Iraqi militia commander vows to retaliate for death on US strike

Baghdad (AP) — Iran-backed Iraqi militia leaders have vowed to retaliate against the United States after four men were killed in a US air strike along the Iraqi-Syrian border last month. Talk about

Kataib Sayyidal-Shuhada Commander Abu Alaa al-Walae is backed by Iran throughout the Middle East after Iran’s hard-line Attorney General Ebrahim Raisi won the election as president in an exclusive interview with the Associated Press in Baghdad. He said the radical group would be strengthened. East for the next four years.

Alwarae, who rarely interviews foreign media organizations, spoke to AP on Monday at an office in the Baghdad district along the Tigris River.

Near the Iraqi-Syrian border, on June 27, the Pentagon said the U.S. Air Force plane was used by a group of Iran-backed militias to support a drone attack in Iraq. Conducted an air strike at. Four militias were killed.

Popular Mobilization Forces, primarily under Iraqi state-approved Shiite militias, including those targeted by U.S. strikes, are tasked with preventing their subordinates from invading Islamic State groups and have weapons warehouses. Said that he denied.

US troops in eastern Syria were hit by rockets the day after the airstrike, with no reported casualties.

The United States blamed the attack on an Iran-backed militia group. Most are rocket strikes targeting the presence of Americans at military bases throughout Baghdad and Iraq. These days, attacks have become more sophisticated, with radicals using drones.

U.S. military officials are becoming more vigilant against drone attacks targeting U.S. military bases in Iraq. This has been more common since a US military drone killed Iran’s General Qasem Soleimani near Baghdad Airport last year. Iraqi militia leader Abu Mahdi al-Muhandis was also killed in the attack. The strike angered mainly Shiite Iraqi lawmakers, forced parliament to pass non-binding resolutions, and pressured the Iraqi government to expel foreign troops from the country.

In mid-April, an explosive-laden drone targeted the military sector at the international airport in Erbil, an area operated by Kurmanji in northern Iraq, with no casualties or damage. The base also hosts US troops.

U.S. officials said Iran-backed militias had launched at least five drone attacks since April.

Bearded Alwarae, wearing a black shirt and trousers and an olive-green baseball cap, hinted that his militia could use the drone in future attacks, but in detail I didn’t touch it. When asked if they had used drones against Iraqi US troops in the past, he gave no honest answer and moved on to other subjects.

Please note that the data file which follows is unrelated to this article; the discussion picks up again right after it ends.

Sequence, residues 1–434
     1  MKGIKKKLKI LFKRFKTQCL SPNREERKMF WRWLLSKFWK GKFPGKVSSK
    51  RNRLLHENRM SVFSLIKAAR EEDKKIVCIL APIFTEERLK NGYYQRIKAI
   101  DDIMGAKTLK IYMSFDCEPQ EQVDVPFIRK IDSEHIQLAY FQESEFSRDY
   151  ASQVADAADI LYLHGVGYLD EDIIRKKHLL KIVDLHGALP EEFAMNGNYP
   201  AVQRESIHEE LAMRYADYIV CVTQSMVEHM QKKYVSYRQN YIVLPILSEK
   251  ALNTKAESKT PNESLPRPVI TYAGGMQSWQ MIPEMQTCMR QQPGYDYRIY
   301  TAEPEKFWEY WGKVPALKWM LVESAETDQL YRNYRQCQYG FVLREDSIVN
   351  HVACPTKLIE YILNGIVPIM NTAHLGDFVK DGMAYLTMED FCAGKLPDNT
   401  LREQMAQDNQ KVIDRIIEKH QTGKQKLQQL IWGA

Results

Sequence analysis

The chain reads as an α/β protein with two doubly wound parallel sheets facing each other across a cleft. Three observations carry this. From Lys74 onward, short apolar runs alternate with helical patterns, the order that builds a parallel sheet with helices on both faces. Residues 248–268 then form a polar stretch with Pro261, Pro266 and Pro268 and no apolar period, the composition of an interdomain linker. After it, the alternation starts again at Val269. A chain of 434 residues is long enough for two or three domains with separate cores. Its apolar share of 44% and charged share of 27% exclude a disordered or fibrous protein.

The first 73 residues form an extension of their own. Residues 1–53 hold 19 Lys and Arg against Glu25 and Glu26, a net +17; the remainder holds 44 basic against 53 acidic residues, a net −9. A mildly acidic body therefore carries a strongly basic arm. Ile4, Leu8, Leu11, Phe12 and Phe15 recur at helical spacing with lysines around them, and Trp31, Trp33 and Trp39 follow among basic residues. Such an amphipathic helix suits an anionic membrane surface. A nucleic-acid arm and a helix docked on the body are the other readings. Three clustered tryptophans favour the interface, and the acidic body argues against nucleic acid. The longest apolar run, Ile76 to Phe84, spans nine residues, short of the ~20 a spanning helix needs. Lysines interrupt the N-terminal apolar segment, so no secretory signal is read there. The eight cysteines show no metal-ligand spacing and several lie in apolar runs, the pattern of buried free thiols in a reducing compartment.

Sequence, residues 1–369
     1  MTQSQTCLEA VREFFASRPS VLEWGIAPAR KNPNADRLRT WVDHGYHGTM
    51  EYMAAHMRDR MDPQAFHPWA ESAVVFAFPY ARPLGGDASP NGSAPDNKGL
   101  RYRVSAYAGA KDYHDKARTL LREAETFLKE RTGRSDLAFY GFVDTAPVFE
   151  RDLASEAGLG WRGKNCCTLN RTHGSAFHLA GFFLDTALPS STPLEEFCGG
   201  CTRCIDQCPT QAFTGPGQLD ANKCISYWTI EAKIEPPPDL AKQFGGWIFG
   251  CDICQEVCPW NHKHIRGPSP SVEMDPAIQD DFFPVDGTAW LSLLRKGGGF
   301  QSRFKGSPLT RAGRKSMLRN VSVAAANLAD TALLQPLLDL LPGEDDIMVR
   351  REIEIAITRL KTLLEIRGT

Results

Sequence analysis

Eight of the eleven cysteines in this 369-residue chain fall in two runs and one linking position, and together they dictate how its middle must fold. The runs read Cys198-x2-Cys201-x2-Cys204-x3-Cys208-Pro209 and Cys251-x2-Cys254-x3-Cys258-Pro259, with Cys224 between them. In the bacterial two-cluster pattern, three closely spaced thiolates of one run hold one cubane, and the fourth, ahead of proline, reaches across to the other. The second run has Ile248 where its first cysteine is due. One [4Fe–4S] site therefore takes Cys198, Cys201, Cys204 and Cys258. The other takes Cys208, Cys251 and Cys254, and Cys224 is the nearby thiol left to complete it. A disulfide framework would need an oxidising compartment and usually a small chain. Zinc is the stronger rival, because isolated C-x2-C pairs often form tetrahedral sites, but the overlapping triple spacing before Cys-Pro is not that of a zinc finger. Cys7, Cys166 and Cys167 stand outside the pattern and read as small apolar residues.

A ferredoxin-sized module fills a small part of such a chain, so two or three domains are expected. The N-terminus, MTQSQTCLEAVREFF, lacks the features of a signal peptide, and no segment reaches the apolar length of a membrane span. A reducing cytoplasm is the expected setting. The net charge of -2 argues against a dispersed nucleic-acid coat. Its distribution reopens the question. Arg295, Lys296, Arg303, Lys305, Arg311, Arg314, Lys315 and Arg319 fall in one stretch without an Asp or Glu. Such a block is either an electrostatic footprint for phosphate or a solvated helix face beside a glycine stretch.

“We want an operation suitable for those martyrs,” he said, referring to the four fighters killed in late June. “Time doesn’t matter if you’re late.”

“We want to have a strategy where everyone has taken revenge from the Americans,” Alwarae said. “It will be a qualitative operation (which may come) from the sky, the sea, along the Iraqi border, the region, or anywhere. It is an open war.”

Alwarae spoke in the office decorated with Solei Mani posters. At the table next to him, Al Warae had a framed photo of him standing next to Sayyed Hassan Nasrara, the leader of the Hezbollah group in Lebanon.

He praised Iran’s new president, Raishi, who will take office next month, saying that Iran-backed militant groups “will have the best time.”

A few days after being elected last month, Raisi said in his first statement after the vote that he would reject the possibility of meeting with President Joe Biden and negotiating Tehran’s ballistic missile program and support for local militias.

Once captured by US troops in Iraq, Al-Warae boasted that his men first went to neighboring Syria to fight President Bashar Assad’s army in 2012, the year after the outbreak of the civil war. He said their first mission was to protect the Shiite sacred shrine south of the capital Damascus. They later fought in various parts of Syria.

Iran-backed fighters from across the region joined the conflict in Syria and helped break the balance of power in favor of Assad. Thousands of Iran-backed fighters remain in Syria, many of which are deployed near the Iraqi border in the towns of Bukamal and Maya Dean.

Alwarae also said he did not expect the Iraqi parliamentary elections to take place on schedule in October, saying it could be postponed until April next year. He has delayed the serious crisis the country is experiencing, including a severe power outage during the scorching summer.

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